Katya Knyazeva (avezink) wrote,
Katya Knyazeva

Drugs injected through a window and the last foreign teenager in Shanghai

Trove is a great source of digitized historic newspapers. Here is what The Canberra Times wrote about Shanghai in 1957:

"There are two European rendezvous left – a pastry shop on Avenue Joffre, where groups of White Russians lean against the windows and do their best to ignore the city outside, and a coffee shop in an arcade near the Bund. Here the silverware is U.S. Navy, the refrigerator is an old soft drink cooler, and the customers are semi-refugees who have nothing else to do. "None of them has a job; they are all living on their capital," said a European. "One of them used to be a priest, some of the others were businessmen, and some of them have never done anything. They are waiting for something to happen or for some place to go."

I wonder which was that "last pastry shop on Avenue Joffre" – perhaps, Tchakalian's French Bakery under the new management, or perhaps Mignon, operated by one of the Russian unfortunates who failed to secure an exit visa...

The author of another article, published in in Sydney Tribune, visits the former British Shanghai Club under the Communist management and compares Shanghai in 1936 and 1961:

"There'd be moaning at the Long Bar if the tycoons could see the mockery that People's Revolution has made of their old lives of luxury and parasitism. At the top of the Club's marble stairs today a red sign proclaims, "Workers of the World Unite!" Chinese seamen, banned in the old days by the imperialist overlords, along with dogs, from the Shanghai Club, now sit reading in the lounge chairs, where tycoons once slept off a long and liquid lunch. Scandinavian, German, British, Polish and African seamen occupy the stools at the Long Bar, ordering large bottles of cold Shanghai beer for 1/9.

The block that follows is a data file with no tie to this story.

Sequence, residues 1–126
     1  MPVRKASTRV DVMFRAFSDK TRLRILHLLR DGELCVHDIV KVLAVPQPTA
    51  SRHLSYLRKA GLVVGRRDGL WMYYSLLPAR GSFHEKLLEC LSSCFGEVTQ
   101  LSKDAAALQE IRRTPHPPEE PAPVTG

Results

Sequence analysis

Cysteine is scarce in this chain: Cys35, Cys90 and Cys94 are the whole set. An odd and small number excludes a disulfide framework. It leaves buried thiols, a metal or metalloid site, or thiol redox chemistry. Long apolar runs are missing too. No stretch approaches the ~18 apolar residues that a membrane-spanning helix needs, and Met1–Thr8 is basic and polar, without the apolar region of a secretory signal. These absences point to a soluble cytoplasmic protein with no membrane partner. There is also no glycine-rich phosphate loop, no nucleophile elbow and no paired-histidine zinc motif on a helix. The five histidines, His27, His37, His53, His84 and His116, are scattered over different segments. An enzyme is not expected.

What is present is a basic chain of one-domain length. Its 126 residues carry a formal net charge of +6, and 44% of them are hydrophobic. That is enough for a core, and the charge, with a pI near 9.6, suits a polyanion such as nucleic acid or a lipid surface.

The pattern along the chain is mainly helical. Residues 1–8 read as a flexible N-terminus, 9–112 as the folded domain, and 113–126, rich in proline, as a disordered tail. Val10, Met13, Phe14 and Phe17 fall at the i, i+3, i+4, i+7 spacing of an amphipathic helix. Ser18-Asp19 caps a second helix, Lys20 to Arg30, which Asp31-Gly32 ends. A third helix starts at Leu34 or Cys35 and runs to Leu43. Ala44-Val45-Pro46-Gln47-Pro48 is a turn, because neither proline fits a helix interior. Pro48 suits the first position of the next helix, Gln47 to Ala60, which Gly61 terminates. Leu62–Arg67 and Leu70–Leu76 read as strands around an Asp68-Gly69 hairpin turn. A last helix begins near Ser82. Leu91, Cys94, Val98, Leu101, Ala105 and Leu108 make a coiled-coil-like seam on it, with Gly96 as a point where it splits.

Many of the sacred institutions that gave Shanghai the false title of "Paris of the East" (Paris was a Calvinist village by comparison) have been swept away, along with the tycoons, in the flood tide of Revolution. No longer can anyone put his arm through a small window in the French Concession and get a cheap narcotics injection. Foreign sailors, if they could re-visit Shanghai, could not reel out of "Blood Alley" to hail a ricksha, nor buy dances with White Russian taxi-girls. Prostitutes, beggars, opium, heroin, the kidnapped girl slaves offered for sale, the foreign garrisons and vandals, can no more bestow on Shanghai that "color" and "romance" noted by tourists and travel writers."

I am intrigued by the narcotics injections administered anonymously through a window in the wall in the French Concession. I don't think I ever heard about this practice.

In a letter published in The Australian Women's Weekly, the Russian girl Marianna Mandrigin, born and bred in China, calls herself the last foreign teenager in Shanghai in 1961:

"Our social life is also very different. Our foreign community here is very small, made up of firm representatives and diplomats. Everybody knows everybody and probably hates the sight of everybody. Social life is made up of dinners and cocktails, which are interesting when you are new to it, but prove to be quite boring after a three years' attendance. My youngest friends are 30 and over, but I don't get depressed, or try not to, anyway, because one can learn a lot from grown-ups. However, there are moments when even my cheerfulness is rather low, and then I feel like howling at the moon, as it appears to be the only suitable object. But I know that I shall leave this place in a year or so, and then everything will be different."

From Marianna's letter we learn that she lived in the Gascogne Apartments, Apt 406, with her parents, who were also born in China. Their lifestyle appeared unchanged during the Communist rule. The girl had a wide array of hobbies, studied with private teachers, sat for her Senior Cambridge Examinations at the British Consulate and enrolled in Shanghai Business College (the last one to remain open). Though leaving China was increasingly tough with each year, and few stayed as late as the 1960s, I'm inclined to think the Mandrigins eventually succeeded in leaving for Australia.

UPDATE: As it turns out, three years after the letter was sent, the family moved to UK where they remain to this day. Good for them!

Tags: 1930s, 1950s, 1960s, archive, avenue joffre, blood alley, commerce, french concession, newspaper, post-liberation, russians, shanghai

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